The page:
Larvicidal and pupicidal activities of eco-friendly phenolic lipid products from Anacardium occidentale nutshell against arbovirus vectors

  • George Harrison Ferreira de Carvalho
  • Milene Aparecida de Andrade
  • Carla Nunes de Araújo
  • Maria Lucília Santos
  • Natália Alves de Castro
  • Sébastien Charneau
  • Rose Monnerat
  • Jaime Martins de SantanaEmail author
  • Izabela Marques Dourado BastosEmail author
Research Article


Aedes aegypti and Culex quinquefasciatus are vectors of diseases that constitute public health problems. The discovery of products capable of inhibiting their development which are less harmful to the environment would have a huge impact on vector control. Here, natural cashew nut shell liquid (CNSL), technical CNSL, anacardic acid, cardanol, and cardol were isolated from Anacardium occidentale and evaluated for larvicidal and pupicidal activity against Ae. aegypti and Cx. quinquefasciatus under laboratory and field conditions. The activities of phenol, resorcinol, salicylic acid, and pentadecane, commercial chemicals similar in structure to nut shell derivatives, were also evaluated. All of the fractions extracted from A. occidentale oil exerted larvicidal effects against both mosquito species (LC50 5.4–22.6 mg/L), and two of the aforementioned were effective against pupae (LC50 90.8–109.7 mg/L). Of all the fractions tested, cardol demonstrated the strongest larvicidal and pupicidal effects and presented the most prolonged residual activity against the larvae and pupae of Ae. aegypti and Cx. quinquefasciatus under field conditions. This study suggests that A. occidentale nut shell derivatives are sustainable and promising candidates for the development of novel insecticides to overcome the problem of harmful chemical insecticides.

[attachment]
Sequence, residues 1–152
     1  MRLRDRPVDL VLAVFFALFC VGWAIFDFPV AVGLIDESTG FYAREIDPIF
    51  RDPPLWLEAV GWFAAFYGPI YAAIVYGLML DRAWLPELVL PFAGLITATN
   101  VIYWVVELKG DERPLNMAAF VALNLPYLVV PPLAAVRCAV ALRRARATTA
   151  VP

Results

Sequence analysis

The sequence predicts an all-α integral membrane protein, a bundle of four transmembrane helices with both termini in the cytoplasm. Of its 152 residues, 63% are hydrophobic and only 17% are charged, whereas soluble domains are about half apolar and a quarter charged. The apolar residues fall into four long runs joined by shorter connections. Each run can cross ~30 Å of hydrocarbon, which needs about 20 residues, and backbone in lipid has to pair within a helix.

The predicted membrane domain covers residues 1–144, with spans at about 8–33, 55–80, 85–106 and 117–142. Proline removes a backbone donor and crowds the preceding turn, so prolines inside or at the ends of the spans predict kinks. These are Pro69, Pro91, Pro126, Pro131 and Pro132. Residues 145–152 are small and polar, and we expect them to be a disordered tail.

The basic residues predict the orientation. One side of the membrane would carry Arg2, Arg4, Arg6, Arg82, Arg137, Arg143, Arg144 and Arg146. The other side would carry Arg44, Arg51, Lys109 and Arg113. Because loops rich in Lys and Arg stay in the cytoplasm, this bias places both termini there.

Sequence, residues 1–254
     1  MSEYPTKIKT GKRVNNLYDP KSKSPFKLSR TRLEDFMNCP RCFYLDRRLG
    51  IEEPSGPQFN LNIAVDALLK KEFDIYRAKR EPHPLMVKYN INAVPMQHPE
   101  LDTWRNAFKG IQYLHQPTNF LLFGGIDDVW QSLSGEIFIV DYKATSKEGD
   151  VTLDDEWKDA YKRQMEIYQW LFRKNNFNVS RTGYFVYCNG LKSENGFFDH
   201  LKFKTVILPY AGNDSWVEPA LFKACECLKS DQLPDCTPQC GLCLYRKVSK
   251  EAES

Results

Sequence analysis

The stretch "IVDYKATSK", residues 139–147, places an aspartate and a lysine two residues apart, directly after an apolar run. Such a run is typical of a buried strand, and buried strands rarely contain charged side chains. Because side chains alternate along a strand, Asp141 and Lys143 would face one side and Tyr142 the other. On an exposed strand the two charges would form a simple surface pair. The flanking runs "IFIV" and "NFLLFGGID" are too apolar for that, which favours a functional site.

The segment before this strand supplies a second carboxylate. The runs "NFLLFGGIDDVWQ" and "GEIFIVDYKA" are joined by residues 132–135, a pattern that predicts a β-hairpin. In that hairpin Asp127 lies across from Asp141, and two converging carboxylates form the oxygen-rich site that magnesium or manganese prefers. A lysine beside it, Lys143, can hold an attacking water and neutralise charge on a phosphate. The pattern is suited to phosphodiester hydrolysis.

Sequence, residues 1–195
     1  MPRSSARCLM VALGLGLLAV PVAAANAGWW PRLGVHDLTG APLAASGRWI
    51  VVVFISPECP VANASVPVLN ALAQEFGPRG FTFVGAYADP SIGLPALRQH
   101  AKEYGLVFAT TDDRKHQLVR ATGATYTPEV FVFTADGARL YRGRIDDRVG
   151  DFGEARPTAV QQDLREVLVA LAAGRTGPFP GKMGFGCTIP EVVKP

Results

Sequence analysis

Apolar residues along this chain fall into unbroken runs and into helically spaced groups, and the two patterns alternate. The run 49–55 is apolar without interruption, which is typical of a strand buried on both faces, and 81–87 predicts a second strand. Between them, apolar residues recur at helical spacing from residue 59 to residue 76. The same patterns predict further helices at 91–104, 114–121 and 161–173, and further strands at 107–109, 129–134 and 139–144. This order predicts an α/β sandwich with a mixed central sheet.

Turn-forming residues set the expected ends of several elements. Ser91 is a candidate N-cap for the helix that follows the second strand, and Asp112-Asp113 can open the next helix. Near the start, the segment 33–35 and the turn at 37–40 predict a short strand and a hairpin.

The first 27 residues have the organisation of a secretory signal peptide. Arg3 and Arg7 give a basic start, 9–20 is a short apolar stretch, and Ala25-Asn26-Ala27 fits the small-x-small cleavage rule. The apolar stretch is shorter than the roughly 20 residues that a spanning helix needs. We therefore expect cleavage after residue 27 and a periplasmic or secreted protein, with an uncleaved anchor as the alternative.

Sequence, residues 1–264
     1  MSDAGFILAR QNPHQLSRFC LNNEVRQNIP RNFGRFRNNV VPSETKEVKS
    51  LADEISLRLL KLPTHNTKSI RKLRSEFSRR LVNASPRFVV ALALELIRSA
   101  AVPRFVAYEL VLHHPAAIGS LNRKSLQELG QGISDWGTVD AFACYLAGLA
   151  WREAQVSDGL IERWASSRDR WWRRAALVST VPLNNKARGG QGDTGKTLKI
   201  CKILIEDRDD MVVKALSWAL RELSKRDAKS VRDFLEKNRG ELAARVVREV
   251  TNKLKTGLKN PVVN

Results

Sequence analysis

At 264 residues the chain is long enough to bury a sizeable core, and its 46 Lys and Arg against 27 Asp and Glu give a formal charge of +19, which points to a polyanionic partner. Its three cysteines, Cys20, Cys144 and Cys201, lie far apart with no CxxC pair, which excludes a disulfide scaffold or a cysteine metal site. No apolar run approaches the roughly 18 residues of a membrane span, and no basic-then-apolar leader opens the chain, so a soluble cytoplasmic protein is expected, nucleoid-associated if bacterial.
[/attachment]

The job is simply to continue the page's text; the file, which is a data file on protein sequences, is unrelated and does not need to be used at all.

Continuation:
Aedes aegypti Culex quinquefasciatus Insecticidal activity Cashew nut shell liquid (CNSL) Field experiment Cardol Cardanol Anacardic acid 



We would like to thank EMBRAPA Genetic Resources and Biotechnology for providing the third instar larvae and pupae of Ae. aegypti and Cx. quinquefasciatus.


This work was supported by grants and fellowships awarded by the Coordenação de Aperfeiçoamento de Pessoal de Nível Superior (CAPES, grant 923/18 CAPES-COFECUB), Conselho Nacional de Desenvolvimento Científico e Tecnológico (CNPq, INCT-MCTI/CNPq/CAPES/FAPs 16/2014), Fundação de Amparo à Pesquisa do Distrito Federal (FAP-DF, grants 0913.000.417/2016 and 0193.001803/2017), and the Empresa Brasileira de Pesquisa Agropecuária (Embrapa).

Compliance with ethical standards

Conflict of interest

The authors declare that they have no conflict of interest.

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Copyright information

© Springer-Verlag GmbH Germany, part of Springer Nature 2019

Authors and Affiliations

  • George Harrison Ferreira de Carvalho
    • 1
  • Milene Aparecida de Andrade
    • 1
  • Carla Nunes de Araújo
    • 1
  • Maria Lucília Santos
    • 2
  • Natália Alves de Castro
    • 1
  • Sébastien Charneau
    • 3
  • Rose Monnerat
    • 4
  • Jaime Martins de Santana
    • 1
    Email author
  • Izabela Marques Dourado Bastos
    • 1
    Email author return OK on get
  1. 1.Pathogen-Host Interface Laboratory, Department of Cell BiologyUniversity of BrasiliaBrasiliaBrazil
  2. 2.Institute of ChemistryUniversity of BrasiliaBrasiliaBrazil
  3. 3.Laboratory of Protein Chemistry and Biochemistry, Department of Cell BiologyUniversity of BrasiliaBrasiliaBrazil
  4. 4.Embrapa Genetic Resources and BiotechnologyBrasiliaBrazil

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